April 1, 2017 at 7:00 pm

Sociology & Anthropology Colloquium | Examination of Social Determinants of Health Disparities Among Somali Women, April 21

Fareeda Griffith standing in front of world map

Fareeda Griffith

The Sociology & Anthropology Colloquium Series presents Dr. Fareeda Griffith on “Knowledge, Access, and Practice: An Examination of the Social Determinants of Health Disparities Among Somali Women” on Friday, April 21, at 4 p.m. in Bentley Annex 102.

Griffith is an Associate Professor of Anthropology and Sociology at Denison University. Her areas of specialization include Anthropology & Sociology, Black Studies, and International Studies. She teaches courses on global health, demographic changes in the continent of Africa, survey research methods and racial and ethnic relations around the globe.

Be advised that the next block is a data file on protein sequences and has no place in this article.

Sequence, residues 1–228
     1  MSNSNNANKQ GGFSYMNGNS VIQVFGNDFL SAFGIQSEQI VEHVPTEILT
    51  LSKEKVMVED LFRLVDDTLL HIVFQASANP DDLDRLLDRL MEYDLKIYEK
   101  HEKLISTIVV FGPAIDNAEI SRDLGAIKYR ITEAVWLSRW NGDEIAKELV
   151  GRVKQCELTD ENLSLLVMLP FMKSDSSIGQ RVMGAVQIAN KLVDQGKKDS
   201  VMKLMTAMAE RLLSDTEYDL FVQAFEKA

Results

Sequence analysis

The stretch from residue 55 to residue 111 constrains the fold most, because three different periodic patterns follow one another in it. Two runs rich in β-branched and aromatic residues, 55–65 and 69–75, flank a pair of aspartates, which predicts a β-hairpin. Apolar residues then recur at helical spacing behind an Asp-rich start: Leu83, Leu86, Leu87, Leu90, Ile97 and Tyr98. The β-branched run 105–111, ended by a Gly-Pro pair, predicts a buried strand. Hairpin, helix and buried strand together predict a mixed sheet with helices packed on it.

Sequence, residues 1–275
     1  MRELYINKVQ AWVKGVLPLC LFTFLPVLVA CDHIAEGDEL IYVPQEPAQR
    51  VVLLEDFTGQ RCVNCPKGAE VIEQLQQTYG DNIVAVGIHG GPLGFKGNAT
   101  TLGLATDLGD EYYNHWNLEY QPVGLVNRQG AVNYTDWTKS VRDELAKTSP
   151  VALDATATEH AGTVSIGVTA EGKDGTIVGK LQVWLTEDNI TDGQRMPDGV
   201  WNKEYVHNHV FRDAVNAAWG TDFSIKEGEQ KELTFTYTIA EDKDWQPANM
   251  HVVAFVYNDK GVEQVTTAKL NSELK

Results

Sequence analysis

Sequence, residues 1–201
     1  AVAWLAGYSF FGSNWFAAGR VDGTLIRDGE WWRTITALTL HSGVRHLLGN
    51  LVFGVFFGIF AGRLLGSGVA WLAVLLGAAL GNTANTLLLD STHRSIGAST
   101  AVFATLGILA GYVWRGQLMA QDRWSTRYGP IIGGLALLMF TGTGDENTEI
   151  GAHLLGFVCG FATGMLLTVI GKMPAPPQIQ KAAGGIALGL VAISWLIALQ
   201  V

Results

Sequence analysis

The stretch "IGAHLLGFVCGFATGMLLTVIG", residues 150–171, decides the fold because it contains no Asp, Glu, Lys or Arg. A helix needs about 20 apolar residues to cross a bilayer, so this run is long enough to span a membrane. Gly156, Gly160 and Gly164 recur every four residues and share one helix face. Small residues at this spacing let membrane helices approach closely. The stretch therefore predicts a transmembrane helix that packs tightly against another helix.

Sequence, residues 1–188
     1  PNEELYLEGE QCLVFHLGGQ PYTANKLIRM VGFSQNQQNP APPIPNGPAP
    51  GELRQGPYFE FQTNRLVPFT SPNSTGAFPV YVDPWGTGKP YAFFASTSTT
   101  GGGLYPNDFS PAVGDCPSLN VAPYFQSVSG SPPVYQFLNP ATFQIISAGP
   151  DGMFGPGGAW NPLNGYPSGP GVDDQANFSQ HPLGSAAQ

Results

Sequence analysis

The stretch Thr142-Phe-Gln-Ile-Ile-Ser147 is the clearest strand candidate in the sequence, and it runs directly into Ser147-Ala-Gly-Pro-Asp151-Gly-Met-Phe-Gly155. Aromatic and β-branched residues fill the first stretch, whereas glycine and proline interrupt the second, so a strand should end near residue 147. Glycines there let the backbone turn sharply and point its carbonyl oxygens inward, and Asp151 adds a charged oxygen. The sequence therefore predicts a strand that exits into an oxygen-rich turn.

Abstract: Previous literature acknowledges a lack of insurance as a deterrent in seeking health care, thus impacting the overall health status of Somali immigrant women (Francis,Griffith, and Leser 2014). This paper builds on the previous literature and addresses the following: 1. examine the link between the social determinants of health framework and the Affordable Care Act. 2. explore Somali women’s attitudes about the feasibility of access and knowledge of the Affordable Care Act, specifically the health insurance marketplace. 3. address Somali women’s experience with doctors and practitioners post-enactment of the Affordable Care Act. Using interview data from approximately twenty Somali women, common themes elicited were the following: miscommunication among Somali immigrant women and their health care providers, feelings of social anxiety and other mental health issues, as well as poor patient and doctor relationships. The project is a community-engaged research study that collects data on individuals’ experiences with the Affordable Care Act by working with members from several Somali led organizations to identify additional key issues within the community. Furthermore, this project challenges the complexity of adapting and integrating into an unfamiliar culture due to language barriers and approach to medical practices, i.e. views about medical practices may be due to cultural values and beliefs about health. In conclusion, this paper provides demographic data about the impact of health disparities on Somali refugees and immigrants by including how they view access to health care, identify barriers to information and care provided by health practitioners, and examine their needs in terms of preventive care.

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